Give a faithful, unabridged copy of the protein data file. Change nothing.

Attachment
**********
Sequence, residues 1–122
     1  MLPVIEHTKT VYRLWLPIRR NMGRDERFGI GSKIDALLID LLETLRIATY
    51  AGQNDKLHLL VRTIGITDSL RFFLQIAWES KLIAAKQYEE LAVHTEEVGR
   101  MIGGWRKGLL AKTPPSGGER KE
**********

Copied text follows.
Sequence, residues 1–122
     1  MLPVIEHTKT VYRLWLPIRR NMGRDERFGI GSKIDALLID LLETLRIATY
    51  AGQNDKLHLL VRTIGITDSL RFFLQIAWES KLIAAKQYEE LAVHTEEVGR
   101  MIGGWRKGLL AKTPPSGGER KE